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MLB and Union go to unemployment

The owners of Major League Baseball teams have voted unanimously for a lockout since Wednesday, after not achieving a new Collective Labor Agreement (CBA) with the Players Union.

According to MLB Network insider Jon Heyman, the team owners of MLB voted unanimously for a lockout, which is defined as a work stoppage in Big leagues. The strike will start from Wednesday, without defining an hour at the moment.

The work stoppage in MLB, occurs after the owners of teams and the Players Union (MLBPA for its acronym in English), failing to agree on a new Collective Bargaining Agreement (CBA) that will govern the contractual norms and rules of the game in Big leagues.

The current CBA expires at 11:59 pm Eastern time in the United States, therefore, after not being able to agree on a new one at the end of this period, what is already a fact with the work stoppage occurs.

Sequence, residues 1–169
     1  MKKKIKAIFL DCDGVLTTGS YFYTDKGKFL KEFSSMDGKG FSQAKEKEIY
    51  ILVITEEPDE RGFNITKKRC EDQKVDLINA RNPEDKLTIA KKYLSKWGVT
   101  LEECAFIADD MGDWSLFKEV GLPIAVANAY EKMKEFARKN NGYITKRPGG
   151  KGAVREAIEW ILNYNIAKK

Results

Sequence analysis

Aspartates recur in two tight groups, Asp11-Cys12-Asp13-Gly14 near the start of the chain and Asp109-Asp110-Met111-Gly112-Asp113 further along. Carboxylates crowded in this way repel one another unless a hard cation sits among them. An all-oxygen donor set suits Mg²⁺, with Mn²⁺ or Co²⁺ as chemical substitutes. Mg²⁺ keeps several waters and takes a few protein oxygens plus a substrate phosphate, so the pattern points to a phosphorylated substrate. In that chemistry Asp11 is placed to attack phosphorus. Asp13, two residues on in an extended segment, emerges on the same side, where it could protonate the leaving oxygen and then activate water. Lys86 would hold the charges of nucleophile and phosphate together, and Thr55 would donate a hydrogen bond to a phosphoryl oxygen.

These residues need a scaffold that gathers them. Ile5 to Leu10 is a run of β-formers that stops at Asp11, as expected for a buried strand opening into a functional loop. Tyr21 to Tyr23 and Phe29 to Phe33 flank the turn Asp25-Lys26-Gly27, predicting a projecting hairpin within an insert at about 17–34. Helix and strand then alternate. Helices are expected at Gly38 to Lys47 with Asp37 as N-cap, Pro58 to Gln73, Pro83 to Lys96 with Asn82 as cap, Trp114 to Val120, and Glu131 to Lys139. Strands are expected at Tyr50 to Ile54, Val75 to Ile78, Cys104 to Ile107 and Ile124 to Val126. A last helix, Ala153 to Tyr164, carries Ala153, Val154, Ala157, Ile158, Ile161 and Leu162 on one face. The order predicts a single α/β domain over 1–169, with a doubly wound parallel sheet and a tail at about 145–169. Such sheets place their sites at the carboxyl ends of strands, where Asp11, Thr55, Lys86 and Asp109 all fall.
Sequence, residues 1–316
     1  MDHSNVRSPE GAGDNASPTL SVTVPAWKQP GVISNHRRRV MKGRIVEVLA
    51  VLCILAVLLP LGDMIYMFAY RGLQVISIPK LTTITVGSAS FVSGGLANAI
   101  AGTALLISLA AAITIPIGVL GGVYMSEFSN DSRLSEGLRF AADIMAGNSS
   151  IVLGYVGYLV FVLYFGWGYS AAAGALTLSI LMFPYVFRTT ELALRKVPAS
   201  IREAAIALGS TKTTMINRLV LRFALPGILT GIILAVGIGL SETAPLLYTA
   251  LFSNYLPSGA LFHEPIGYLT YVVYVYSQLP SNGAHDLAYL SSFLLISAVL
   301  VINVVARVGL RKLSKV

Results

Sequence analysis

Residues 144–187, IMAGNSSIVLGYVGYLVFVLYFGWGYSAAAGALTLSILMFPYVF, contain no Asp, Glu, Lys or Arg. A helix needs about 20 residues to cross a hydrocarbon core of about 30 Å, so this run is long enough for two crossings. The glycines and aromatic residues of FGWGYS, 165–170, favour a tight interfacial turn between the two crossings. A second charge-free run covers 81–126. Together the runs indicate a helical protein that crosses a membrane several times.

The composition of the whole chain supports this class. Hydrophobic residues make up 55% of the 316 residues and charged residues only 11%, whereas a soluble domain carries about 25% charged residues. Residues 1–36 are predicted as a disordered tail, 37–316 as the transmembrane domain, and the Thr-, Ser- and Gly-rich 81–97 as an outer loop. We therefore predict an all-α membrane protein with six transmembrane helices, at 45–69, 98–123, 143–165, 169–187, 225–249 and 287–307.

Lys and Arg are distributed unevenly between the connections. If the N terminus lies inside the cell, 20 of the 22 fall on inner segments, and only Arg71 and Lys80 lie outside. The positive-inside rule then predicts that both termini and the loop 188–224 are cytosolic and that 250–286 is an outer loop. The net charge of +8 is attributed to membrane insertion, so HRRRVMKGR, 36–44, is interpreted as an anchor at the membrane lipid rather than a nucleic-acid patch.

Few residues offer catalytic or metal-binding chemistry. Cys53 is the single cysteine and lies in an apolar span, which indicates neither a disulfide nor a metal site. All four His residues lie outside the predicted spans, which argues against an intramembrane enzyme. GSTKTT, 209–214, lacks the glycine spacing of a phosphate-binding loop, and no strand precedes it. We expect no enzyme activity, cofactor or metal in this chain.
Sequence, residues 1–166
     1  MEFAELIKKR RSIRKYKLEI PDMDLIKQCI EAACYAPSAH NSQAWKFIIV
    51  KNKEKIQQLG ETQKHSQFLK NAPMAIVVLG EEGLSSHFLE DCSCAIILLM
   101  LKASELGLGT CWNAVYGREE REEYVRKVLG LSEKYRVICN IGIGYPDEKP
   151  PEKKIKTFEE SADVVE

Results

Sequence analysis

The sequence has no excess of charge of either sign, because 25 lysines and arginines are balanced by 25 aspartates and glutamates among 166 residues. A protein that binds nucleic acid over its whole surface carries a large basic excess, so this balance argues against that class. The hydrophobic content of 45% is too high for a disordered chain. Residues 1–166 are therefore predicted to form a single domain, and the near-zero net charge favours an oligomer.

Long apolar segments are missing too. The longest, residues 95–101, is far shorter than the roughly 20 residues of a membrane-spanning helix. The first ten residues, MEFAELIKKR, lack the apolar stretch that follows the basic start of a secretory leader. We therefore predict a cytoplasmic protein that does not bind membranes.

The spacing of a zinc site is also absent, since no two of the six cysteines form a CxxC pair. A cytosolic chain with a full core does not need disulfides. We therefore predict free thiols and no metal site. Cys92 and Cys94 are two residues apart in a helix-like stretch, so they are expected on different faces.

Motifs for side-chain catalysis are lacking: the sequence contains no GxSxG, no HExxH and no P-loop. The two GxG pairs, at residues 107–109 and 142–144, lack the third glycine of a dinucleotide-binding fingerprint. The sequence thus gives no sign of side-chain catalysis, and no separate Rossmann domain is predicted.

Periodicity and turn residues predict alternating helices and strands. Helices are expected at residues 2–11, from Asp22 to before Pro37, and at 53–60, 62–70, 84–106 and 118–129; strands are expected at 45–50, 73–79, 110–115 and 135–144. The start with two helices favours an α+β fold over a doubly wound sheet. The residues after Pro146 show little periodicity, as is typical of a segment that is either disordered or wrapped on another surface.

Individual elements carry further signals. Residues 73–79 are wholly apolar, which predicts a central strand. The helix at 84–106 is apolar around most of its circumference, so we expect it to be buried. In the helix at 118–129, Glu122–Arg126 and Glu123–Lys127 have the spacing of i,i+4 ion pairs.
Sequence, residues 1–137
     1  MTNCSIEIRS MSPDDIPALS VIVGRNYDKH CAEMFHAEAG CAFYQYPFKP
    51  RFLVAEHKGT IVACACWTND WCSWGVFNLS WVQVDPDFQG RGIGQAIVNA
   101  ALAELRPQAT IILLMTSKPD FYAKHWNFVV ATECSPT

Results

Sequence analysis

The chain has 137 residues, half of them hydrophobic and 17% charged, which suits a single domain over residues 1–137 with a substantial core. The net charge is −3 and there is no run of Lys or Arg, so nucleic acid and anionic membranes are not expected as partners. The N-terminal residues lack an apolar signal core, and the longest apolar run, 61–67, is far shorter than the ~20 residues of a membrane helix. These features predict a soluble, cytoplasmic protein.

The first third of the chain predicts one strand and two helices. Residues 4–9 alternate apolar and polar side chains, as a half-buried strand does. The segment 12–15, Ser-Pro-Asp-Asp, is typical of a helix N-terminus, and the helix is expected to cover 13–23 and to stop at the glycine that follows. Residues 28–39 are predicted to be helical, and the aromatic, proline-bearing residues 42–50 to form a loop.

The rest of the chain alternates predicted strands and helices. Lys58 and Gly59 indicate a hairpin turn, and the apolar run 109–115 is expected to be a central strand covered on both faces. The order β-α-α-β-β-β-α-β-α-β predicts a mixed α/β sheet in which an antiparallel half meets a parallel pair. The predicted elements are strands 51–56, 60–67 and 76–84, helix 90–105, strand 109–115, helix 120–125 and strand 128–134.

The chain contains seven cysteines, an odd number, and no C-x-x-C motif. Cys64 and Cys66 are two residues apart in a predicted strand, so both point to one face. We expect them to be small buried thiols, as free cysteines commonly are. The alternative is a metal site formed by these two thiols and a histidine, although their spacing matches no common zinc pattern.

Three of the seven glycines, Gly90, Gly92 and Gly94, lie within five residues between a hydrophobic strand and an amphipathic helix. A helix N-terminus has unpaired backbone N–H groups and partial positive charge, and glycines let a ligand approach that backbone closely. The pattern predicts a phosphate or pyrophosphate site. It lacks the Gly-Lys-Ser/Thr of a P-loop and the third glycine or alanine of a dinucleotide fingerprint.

• International Prospects (July 2) that are close to signing from December 15 to January 15 will not be able to secure contracts
  • Minor League Players eligible for the Rule 5 Draft will not see the draw take place
  • Free agents who have not signed will see negotiation processes frozen, as well as players for arbitration trials
  • Neither party could force the start of the season without first agreeing on a new CBA (Major League Labor Collective Bargaining Agreement between Team Owners and Players)
  • Teams will stop covering their part of the medical insurance policy for the duration of the strike, leading the player to pay for the insurance themselves
  • Players within the Roster of 40 could not under any circumstances use the facilities of their teams, be it from gyms or practice facilities

It is important not to point out or confuse a work stoppage with a “strike”, since MLB is in an off-season, and a strike is only if it comes to influence in the middle of a season, such as the cancellation of games.

There have been about eight MLB stoppages previously, starting in 1972 when 86 games were canceled, 1981 when 713 games were canceled and the last in 1994-95 where 938 games were canceled, the postseason and World Series; for 1973, ’76, 1980, ’85 and 1990 there were no cancellations.

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